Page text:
A Pet’s Path Through Chinese Customs [New Rule]

Moving your pet to or from China can seem quite daunting at first glance due to the strict import rules and quarantine requirements.

While China’s regulations are confusing, the good news is that there are several options for leaving and entering China that is safe for pets – whether quarantine is required or not.

A Pet's Path Through Chinese Customs [New Rule] 


Chinese import protocols are quite strict when it comes to pets, as different cities and provinces require different items from owners (visas, passport copies, etc.) or ways of the entry (manifest cargo, excess baggage, in-cabin). It’s normal to have questions and to feel a little overwhelmed at first.

To start, all of China now requires that all pets have a microchip, a rabies vaccination within a year of departure (older than 30 days at the time of travel), a second rabies vaccine, and a rabies titer test. Assuming these conditions are met, your pet may enter the country through any port and on to your final destination.

Failure to meet the requirements above will result in a 30-day quarantine and limit approved ports of entry.

A Pet's Path Through Chinese Customs [New Rule]

Many major cities in China also require that dog owners obtain a dog license once the dog has arrived into the city. Beijing even requires this document prior to export, so if you’re planning on eventually leaving China with your dog it may be a good idea to look into obtaining a dog license upon arrival. This document can be obtained by paying a visit to the local police station with your dog along with your passport, visa, and local address in hand.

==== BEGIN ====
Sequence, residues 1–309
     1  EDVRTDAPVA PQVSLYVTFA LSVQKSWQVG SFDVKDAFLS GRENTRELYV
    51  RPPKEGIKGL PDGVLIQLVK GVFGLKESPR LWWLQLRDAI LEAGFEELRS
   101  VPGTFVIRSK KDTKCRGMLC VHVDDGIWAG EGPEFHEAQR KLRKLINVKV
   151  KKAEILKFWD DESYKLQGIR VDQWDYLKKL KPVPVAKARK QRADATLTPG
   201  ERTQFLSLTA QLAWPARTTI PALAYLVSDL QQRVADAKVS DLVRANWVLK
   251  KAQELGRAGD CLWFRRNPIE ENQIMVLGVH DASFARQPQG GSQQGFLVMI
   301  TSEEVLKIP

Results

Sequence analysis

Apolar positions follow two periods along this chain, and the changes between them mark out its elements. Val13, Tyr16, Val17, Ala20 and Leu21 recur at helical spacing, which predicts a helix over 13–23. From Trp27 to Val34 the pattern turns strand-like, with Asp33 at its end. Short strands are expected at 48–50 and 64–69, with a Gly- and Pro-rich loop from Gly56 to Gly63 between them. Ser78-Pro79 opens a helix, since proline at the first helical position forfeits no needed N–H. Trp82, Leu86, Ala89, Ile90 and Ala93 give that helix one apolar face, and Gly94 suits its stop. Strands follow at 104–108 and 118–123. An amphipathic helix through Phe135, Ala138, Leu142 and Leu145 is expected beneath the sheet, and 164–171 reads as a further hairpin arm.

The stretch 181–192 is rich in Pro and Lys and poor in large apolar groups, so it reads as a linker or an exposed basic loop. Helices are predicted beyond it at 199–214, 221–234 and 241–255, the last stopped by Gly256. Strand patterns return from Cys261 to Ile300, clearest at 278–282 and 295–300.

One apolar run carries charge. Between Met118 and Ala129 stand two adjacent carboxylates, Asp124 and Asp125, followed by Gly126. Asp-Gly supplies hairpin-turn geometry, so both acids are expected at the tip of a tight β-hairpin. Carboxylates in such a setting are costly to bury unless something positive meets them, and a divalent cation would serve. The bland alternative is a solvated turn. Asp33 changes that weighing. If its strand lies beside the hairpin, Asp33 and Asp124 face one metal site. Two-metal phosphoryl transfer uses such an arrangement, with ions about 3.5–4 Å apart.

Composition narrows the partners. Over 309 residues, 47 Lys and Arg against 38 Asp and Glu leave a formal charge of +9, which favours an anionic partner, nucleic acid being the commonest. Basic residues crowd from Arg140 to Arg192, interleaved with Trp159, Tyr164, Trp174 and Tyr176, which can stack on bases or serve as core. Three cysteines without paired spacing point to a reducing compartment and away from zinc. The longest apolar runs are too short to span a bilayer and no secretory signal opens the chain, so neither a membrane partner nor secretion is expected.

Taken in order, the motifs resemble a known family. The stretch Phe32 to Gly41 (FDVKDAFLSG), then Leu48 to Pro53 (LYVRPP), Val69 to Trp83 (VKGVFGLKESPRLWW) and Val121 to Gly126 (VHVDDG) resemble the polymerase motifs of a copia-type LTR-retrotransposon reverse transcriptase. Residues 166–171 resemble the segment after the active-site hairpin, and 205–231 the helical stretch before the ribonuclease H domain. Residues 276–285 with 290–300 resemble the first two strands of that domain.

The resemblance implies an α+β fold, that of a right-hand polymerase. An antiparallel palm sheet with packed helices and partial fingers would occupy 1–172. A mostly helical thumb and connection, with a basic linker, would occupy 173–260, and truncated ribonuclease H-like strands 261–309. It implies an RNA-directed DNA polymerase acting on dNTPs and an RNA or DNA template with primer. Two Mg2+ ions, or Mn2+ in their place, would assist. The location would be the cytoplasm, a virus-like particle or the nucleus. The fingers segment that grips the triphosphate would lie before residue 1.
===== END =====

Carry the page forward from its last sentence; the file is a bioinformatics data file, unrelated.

So what happens if you have more than one pet? You’re not out of luck, as there are two options for importing multiple pets into China:

  • Use another relative or friend’s passport(s) to import your other pet(s)

  • Enter China through Hong Kong

The options above also depend on your destination city in China. If you have multiple pets, reach out to your relevant consultant to determine the best option for your family. 


As mentioned above, you can still enter China without a rabies titer test from an approved lab. However, your pet will be required to stay in quarantine for 30 days before going home. Although the word quarantine can be intimidating, your pet will be cared for and you can expect the following during this time period:

  • The units pets stay in are air-conditioned and clean.

  • There’s an outdoor area for dogs and a cattery for cats.

  • Pets are fed twice a day and dogs are walked regularly.

  • While visitation is not allowed for security purposes, local contacts are welcome to call the facility to check in on pets throughout their stay.



When you’re ready to leave China, there is no pre-export quarantine for pets. This makes the process a little smoother, although it can still be tricky based on the city from which your pet is departing.

Regardless of the city, your pet will need to have a completed vaccination booklet (with stickers) from a Chinese vet, a health certificate, and an export permit. In most Chinese cities, the health certificate can only be obtained by going to a government-approved vet or a government vet, who also issues the export permit.

Because some cities require a copy of your physical passport to be present at the time of check-in for your pet, we highly recommend traveling after your pet has departed to avoid any issues with your own departure.

source: China  customs and internet

A Pet's Path Through Chinese Customs [New Rule]

A Pet's Path Through Chinese Customs [New Rule]

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